If we’re invisible, who’s buying all those books?

So, a list I’m on has just pointed me to Cory Doctorow’s article on YA fiction, and I find myself … struck by it’s genre insularity. From the very first line, where Doctorow says:

YA SF is gigantic and invisible

Invisible to who? Not invisible to teens, and not invisible to the countless adults I keep running into who tell me how they read more YA than adult books these days. Not invisible to the random bookstore browser, who can, at least at my local bookstores, easily miss the adult SF/fantasy (it’s buried somewhere behind the romance), but who would have to work harder to miss the larger, free-standing YA section.

Yet the article goes on to talk about how–in spite of the fact that YA “has an army of promoters”–it’s a ghetto, albeit one that’s liberating to write in, positioned as it is away from “the power brokers of the field” and from Hugo-ballot recognition. (Looking at how many fewer people have heard of the Hugo than the Newbery, and at how many fewer books a Hugo sells than a Printz, one can only conclude the power brokers have fallen down on the job.)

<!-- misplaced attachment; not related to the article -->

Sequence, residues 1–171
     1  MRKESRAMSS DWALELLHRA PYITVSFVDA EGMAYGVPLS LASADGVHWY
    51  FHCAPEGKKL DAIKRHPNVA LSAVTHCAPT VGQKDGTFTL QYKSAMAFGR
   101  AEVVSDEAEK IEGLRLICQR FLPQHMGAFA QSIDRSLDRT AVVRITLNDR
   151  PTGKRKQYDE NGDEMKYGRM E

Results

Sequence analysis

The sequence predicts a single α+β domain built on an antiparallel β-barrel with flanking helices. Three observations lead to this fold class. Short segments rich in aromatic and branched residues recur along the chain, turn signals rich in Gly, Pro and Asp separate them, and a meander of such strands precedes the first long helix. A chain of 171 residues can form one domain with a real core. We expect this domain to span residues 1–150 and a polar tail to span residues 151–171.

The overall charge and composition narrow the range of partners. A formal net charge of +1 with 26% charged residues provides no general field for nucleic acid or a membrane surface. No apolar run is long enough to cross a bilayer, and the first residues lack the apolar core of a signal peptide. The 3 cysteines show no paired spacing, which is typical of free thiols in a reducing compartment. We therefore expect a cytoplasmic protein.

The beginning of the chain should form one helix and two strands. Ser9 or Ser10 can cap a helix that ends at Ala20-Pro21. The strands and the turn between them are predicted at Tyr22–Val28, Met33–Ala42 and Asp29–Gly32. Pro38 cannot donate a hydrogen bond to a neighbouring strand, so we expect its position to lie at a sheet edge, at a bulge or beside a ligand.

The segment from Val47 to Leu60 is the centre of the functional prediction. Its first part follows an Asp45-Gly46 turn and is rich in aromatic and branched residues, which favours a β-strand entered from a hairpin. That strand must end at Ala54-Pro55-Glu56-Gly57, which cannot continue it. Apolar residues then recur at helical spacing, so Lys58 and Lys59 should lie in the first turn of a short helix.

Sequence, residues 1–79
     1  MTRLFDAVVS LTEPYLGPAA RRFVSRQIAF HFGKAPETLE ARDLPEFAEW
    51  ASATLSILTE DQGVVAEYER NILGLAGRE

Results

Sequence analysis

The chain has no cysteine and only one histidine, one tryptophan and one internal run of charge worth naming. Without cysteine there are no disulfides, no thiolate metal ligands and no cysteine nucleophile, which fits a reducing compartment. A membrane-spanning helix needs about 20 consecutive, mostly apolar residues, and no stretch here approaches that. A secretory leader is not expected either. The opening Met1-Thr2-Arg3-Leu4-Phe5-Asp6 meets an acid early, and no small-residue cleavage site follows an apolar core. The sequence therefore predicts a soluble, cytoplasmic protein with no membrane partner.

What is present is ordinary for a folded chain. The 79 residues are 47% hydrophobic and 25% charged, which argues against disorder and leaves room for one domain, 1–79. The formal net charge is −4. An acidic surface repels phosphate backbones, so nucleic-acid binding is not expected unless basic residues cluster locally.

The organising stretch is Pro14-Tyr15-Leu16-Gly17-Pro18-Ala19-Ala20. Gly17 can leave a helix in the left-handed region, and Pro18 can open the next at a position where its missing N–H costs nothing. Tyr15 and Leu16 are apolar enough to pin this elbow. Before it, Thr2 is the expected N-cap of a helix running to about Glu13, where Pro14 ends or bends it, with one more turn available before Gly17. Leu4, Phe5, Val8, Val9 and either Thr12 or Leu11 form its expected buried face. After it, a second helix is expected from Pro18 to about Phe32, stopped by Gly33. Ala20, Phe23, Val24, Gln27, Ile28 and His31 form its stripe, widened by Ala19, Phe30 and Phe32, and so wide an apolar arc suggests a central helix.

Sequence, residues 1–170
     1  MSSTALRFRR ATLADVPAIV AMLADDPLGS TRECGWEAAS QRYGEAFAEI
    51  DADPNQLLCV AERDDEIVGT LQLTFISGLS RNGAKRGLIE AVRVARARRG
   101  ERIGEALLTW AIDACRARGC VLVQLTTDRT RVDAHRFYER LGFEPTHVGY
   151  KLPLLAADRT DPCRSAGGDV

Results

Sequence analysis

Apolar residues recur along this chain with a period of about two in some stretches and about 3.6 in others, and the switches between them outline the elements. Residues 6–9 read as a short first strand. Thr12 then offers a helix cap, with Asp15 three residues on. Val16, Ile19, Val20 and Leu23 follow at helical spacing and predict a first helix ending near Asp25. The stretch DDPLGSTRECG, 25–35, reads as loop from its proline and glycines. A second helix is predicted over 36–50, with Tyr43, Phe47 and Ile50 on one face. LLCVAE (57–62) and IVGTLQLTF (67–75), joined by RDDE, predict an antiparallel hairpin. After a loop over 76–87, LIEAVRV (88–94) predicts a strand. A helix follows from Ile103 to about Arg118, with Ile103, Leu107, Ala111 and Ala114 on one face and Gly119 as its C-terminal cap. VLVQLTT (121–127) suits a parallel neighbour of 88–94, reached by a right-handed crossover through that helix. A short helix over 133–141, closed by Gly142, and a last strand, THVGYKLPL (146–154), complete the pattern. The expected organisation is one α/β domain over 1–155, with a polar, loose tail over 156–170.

Hello? How exactly does someone coming from as ghettoized a genre as adult SF/fantasy talk about how different it is to find oneself working in a ghetto genre? This makes my head hurt. Does my first home genre really see itself through such completely tinted glasses?

Especially since, to anyone who is not an avid and longtime SF/fantasy reader, YA books are way more visible than adult SF/fantasy ones. If any adult SF/fantasy writer or reader venturing into YA feels that they’ve discovered an undiscovered country, it’s not because that country was hidden; it’s because they’ve finally set foot outside their own ghetto walls, and are seeing something of the wide world at last.

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